Railways and Remembrance
World War I was a railway war. Michael Portillo finds out how the railways helped to precipitate a mechanised war, shaped how it was fought, conveyed millions to the trenches and bore witness to its end. He takes to historic tracks to rediscover the locomotives and wagons of the war that was supposed to end all wars and hears the stories of the gallant men and women who used them in life and in death.
In this final episode, Michael explores the aftermath of this earth-shattering conflict. For four years, the railways had fed the front line with vast numbers of men, munitions and supplies. But even after the armistice had been signed in a railway carriage, the work of the railways was not done. As Britain continued to mourn its dead, the railways played an important part in their remembrance. Michael hears stories of railway war heroes and encounters a remarkable railway wagon used to honour them. He hears how the railways helped give birth to battlefield tourism, and in the cemeteries of Ypres he meets the great-grandchildren of some of the fallen.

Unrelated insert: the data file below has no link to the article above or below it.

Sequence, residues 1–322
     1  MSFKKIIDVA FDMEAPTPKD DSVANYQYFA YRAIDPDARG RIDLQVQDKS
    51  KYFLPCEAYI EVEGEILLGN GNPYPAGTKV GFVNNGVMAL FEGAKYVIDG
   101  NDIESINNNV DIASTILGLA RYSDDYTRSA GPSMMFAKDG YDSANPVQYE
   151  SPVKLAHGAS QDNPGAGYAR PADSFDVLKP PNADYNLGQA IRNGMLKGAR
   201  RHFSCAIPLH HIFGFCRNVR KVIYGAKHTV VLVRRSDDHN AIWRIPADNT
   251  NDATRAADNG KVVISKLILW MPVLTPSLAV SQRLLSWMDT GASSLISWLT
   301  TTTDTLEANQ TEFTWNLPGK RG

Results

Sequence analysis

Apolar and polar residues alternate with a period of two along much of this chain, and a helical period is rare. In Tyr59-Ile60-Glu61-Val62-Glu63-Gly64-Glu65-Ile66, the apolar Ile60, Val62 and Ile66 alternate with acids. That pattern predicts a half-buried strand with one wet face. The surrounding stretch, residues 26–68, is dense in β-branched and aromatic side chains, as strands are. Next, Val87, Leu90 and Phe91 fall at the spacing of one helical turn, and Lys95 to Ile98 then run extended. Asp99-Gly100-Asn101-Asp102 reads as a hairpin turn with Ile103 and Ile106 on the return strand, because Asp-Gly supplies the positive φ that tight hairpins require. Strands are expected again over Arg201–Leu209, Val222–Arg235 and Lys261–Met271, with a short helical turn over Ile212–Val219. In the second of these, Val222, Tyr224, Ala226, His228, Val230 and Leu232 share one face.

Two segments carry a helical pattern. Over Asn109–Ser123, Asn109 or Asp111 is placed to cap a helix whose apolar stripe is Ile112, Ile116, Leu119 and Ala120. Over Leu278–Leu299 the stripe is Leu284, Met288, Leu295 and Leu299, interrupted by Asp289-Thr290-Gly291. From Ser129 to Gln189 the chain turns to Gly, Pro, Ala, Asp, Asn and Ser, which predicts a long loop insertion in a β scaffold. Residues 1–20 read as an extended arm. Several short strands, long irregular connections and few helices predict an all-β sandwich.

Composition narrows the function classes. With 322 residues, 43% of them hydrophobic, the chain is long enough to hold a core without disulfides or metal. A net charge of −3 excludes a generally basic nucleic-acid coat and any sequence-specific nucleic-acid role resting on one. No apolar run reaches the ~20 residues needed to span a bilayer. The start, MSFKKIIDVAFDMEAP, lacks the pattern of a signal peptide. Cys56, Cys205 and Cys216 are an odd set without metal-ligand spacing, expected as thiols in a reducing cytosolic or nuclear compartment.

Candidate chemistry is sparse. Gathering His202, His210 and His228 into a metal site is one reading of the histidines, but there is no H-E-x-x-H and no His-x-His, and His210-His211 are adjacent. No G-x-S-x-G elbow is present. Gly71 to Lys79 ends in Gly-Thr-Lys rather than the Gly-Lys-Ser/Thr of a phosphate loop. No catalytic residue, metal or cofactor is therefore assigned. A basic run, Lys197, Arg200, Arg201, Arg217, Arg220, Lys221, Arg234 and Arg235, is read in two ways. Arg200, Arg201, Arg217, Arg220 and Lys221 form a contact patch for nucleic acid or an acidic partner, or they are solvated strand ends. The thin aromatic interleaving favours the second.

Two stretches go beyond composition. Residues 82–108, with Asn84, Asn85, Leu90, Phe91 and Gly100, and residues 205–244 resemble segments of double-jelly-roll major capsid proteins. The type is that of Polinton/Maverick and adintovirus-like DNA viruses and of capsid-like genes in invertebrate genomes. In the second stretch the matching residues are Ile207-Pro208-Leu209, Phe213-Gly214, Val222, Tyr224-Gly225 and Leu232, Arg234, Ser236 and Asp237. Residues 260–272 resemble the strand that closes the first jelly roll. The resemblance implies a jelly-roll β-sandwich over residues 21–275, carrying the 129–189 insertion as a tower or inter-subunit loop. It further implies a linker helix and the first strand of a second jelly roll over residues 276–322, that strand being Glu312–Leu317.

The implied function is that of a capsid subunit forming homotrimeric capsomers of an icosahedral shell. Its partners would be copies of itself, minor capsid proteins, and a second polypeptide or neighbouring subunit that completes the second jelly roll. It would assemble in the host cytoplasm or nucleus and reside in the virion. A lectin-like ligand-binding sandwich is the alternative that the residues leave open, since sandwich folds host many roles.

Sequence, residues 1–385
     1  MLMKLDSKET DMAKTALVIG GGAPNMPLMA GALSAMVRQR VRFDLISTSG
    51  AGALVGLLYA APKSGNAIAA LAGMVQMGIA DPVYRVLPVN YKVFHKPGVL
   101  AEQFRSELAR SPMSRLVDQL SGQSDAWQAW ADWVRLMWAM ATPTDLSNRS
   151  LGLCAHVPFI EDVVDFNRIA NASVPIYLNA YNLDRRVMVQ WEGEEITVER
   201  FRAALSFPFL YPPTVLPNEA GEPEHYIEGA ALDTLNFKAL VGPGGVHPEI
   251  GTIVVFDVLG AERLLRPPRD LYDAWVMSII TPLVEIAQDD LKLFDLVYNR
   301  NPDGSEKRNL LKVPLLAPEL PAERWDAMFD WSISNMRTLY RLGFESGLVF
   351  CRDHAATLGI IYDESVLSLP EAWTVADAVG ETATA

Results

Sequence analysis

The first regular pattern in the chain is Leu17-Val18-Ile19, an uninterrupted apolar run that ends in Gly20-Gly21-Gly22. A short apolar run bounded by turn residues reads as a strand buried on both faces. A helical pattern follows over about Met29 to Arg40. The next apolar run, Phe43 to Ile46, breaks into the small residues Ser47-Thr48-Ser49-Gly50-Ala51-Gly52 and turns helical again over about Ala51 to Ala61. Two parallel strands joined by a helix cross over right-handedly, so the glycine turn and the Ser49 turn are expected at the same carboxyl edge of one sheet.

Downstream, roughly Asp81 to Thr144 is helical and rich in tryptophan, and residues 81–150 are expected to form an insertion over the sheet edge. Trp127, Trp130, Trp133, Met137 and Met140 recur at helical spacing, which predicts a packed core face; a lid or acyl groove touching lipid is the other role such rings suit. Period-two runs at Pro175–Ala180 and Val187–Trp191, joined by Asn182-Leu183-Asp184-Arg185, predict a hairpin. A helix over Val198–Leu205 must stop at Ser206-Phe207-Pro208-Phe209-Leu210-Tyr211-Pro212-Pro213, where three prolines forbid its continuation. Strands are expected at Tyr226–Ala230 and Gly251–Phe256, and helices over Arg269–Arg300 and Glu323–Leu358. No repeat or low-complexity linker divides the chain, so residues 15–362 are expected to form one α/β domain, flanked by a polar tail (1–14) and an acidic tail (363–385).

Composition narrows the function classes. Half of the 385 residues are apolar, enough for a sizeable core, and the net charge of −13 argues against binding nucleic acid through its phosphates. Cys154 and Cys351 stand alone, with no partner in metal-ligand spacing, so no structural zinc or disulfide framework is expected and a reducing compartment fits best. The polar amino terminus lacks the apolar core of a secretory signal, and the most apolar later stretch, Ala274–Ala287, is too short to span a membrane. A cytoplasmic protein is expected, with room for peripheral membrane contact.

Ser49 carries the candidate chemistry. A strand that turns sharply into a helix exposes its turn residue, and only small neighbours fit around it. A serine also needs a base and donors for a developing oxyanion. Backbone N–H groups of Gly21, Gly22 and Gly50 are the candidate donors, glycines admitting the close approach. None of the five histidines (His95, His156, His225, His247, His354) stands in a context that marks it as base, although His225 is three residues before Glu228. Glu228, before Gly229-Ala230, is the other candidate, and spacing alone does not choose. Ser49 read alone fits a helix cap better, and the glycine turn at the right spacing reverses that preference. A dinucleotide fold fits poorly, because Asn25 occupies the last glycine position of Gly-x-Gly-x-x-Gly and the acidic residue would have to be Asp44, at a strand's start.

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|Executive Producer||John Comerford|
|Series Producer||Alison Kreps|